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Most excellent news, via The Hill:
The Senate parliamentarian has ruled that President Barack Obama must sign the healthcare reform bill before Democrats can use special budget rules to pass changes demanded by the House.
Sen. Kent Conrad (D-N.D.), chairman of the Senate Budget Committee, told colleagues about the ruling Thursday afternoon, according to a Democratic source familiar with the meeting.
The ruling is a blow to Democrats who planned for Obama to sign in quick succession the Senate version of healthcare reform legislation and a companion measure with changes requested by House lawmakers.
House lawmakers, who are distrustful of their Senate counterparts, have demanded that both measures pass Congress at the same time. Some House members worry that if they passed the Senate healthcare bill, senators would not approve the sidecar measure with the changes at a later date.
Democrats acknowledged the parliamentarian’s ruling was a setback but argued that it does not deliver a fatal blow.
“If this is true, it will mean that we have to find a device to receive absolute assurances from our Senate colleagues that they’ll be able to complete the reconciliation process in the Senate,” Assistant to the Speaker Chris Van Hollen said.
“We will have to confer with our Senate colleagues until we find something satisfactory to our Caucus,” he said.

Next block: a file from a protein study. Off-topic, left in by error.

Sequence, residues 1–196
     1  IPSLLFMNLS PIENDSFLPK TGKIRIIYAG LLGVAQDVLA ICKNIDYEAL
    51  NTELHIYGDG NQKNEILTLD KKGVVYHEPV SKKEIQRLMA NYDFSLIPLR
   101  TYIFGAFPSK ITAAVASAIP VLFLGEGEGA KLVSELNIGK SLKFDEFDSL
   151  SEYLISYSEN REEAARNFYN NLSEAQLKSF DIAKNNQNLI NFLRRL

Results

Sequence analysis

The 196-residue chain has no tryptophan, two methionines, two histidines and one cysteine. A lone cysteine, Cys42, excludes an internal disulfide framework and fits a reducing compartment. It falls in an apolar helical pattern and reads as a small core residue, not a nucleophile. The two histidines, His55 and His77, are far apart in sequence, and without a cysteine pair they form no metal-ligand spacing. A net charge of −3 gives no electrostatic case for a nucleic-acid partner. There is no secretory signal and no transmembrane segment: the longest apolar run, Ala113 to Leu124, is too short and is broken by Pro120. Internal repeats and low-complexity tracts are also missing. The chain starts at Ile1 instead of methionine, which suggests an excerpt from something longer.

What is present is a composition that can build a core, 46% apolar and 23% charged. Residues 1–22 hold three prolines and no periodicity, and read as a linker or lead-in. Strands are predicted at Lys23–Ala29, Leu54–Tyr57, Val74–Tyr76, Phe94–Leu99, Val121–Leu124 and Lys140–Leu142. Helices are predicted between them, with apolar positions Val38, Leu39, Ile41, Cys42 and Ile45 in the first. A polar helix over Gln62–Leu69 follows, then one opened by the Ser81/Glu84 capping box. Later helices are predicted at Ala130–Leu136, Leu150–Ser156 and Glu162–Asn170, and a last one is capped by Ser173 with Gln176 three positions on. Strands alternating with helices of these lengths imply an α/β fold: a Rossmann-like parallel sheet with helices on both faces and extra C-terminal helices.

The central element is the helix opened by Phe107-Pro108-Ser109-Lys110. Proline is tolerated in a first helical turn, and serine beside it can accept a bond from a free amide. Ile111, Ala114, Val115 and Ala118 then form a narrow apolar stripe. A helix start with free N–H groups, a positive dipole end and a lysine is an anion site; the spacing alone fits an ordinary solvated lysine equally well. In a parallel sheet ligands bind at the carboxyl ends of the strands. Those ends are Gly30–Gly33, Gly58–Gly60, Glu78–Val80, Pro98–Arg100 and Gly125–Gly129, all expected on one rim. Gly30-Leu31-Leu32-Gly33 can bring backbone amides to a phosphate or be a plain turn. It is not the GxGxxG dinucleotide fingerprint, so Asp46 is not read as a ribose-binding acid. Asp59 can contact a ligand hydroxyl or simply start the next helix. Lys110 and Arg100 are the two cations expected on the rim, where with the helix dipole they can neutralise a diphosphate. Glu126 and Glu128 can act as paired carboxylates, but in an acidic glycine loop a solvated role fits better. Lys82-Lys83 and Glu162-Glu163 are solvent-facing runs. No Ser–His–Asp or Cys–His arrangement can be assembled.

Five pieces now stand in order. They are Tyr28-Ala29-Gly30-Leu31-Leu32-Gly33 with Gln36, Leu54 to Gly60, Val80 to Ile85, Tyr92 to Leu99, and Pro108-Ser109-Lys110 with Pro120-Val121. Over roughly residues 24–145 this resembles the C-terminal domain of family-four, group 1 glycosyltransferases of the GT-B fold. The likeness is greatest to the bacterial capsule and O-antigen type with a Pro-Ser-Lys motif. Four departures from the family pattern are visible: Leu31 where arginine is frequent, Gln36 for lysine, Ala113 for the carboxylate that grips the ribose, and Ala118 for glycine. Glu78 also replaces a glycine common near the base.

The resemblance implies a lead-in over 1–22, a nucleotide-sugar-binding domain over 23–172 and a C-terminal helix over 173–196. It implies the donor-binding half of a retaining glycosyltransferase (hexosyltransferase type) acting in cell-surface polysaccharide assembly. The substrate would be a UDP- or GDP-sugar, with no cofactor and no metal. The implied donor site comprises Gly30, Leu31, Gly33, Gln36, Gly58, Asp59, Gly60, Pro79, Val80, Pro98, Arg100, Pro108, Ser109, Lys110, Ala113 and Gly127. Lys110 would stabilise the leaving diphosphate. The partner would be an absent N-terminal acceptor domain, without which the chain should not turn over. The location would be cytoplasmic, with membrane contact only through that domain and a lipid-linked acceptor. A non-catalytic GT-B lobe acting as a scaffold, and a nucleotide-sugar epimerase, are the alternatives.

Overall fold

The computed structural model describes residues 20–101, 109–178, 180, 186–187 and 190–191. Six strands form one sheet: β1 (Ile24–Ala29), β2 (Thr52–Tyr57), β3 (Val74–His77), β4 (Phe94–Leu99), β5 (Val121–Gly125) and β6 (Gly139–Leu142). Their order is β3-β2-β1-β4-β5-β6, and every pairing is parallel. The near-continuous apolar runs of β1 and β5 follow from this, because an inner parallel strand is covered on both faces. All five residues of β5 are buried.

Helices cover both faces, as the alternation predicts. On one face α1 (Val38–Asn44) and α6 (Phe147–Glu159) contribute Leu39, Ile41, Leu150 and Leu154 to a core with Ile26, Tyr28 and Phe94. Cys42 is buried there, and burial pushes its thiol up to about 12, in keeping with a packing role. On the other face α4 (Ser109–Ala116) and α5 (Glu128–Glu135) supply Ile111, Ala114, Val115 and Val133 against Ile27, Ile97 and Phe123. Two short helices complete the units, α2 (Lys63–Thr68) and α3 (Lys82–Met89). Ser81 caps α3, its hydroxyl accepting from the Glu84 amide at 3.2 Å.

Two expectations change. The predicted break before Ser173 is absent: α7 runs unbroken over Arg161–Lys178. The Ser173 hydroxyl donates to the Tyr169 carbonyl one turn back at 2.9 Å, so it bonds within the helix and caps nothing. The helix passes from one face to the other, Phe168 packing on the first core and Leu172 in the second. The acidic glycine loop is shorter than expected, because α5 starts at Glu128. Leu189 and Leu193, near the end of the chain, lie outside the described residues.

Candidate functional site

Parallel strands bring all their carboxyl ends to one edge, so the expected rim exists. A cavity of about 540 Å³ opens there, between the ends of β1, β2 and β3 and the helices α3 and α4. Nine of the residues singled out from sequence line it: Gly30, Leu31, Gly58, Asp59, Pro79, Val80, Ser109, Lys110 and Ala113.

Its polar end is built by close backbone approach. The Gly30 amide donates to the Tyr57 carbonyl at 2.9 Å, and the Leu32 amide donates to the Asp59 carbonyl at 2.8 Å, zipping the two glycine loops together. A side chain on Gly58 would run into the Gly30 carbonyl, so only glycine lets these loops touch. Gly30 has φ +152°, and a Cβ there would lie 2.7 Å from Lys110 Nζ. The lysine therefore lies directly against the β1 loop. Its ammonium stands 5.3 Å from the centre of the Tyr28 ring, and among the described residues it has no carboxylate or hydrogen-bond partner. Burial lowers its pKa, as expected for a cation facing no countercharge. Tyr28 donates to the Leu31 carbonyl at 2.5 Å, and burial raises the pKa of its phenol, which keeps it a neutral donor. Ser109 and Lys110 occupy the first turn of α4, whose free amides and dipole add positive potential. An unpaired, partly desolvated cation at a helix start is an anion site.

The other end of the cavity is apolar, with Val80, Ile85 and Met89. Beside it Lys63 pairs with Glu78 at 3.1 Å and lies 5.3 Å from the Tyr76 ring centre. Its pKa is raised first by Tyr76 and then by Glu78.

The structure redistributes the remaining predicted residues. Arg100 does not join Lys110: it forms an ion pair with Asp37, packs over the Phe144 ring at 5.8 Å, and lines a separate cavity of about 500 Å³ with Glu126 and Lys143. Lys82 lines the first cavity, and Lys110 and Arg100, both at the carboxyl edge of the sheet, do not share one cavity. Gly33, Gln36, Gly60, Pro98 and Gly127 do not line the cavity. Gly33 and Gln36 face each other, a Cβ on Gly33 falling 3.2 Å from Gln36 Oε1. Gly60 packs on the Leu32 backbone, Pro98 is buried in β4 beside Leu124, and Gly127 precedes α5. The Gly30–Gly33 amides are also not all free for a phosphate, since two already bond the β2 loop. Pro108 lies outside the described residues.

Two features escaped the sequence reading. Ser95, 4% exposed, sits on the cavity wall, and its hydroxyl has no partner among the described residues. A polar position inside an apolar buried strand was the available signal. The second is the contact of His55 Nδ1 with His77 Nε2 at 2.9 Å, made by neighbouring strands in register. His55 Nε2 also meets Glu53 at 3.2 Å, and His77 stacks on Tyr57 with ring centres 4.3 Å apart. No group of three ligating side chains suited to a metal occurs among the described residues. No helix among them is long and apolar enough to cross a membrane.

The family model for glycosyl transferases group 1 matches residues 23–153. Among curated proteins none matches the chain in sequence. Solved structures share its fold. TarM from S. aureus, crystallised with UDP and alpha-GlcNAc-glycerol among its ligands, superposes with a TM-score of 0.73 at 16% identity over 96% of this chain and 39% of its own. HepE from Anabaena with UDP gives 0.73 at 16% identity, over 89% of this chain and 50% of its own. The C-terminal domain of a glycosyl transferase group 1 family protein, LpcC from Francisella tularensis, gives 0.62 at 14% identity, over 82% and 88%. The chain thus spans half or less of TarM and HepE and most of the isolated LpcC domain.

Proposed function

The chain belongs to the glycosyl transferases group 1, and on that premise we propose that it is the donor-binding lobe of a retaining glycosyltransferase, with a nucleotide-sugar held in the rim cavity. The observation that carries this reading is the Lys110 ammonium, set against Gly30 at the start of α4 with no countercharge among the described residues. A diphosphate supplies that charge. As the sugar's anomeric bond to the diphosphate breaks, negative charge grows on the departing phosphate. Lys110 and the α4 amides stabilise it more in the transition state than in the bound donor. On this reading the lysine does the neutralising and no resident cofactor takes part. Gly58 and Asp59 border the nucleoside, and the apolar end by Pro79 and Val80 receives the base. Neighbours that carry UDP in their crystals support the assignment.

Van Hollen hedged when asked what such a device would have to look like.
Said a Democratic strategist: “It’s just going to require a little more trust from the House that the Senate is going to do its job.”
While the Senate parliamentarian’s ruling is welcomed by concerned Americans all across the country, don’t get your party hats out just yet because it ain’t ovah til it’s ovah:
[Rep. Paul Ryan (R., Wis.)] says that, come Monday, Democrats “will bring a shell piece of reconciliation legislation” to the budget committee. “The reconciliation process has to begin there,” he says. “Here’s what they’ll do: They will take the House health-care bill and mark it up so that it can become a reconciliation vehicle. Republicans will make runs at this via motions to instruct, but since we’re outnumbered, their package will get through the committee. Then they’ll send that shell of a bill to the House Rules Committee. The rules committee will then gut the budget committee’s reconciliation bill and drop in all of the deals that Speaker Pelosi arranges with members who vote for the Senate health-care bill in the House.” Those deals, he adds, “will be hard to scrutinize, and we may never know their full extent, since many of them will be orchestrated outside of health-care legislation.”
Regardless of how bad a reconciliation package looks, Ryan says it is the passage of the Senate bill in the House that troubles him the most. “The Senate parliamentarian made it clear today,” he says. “The Senate bill has to become law before reconciliation can be taken up in the Senate. Knowing this, the Democrats are doing whatever they can to convince House members to walk the plank. But let’s be very clear: If the Senate bill passes in the House, it’s not just some setup for reconciliation — it’s a huge, new federal entitlement that’ll be signed into law.”
“To get that, they need to make promises to members about what’ll come next, so look for them to thread the needle on policy changes and abortion in the budget and rules committees,” Ryan says. “Reconciliation is a distraction for the Democratic leadership — something to talk about with members while keeping their eye on the main prize, which is passing the Senate bill.”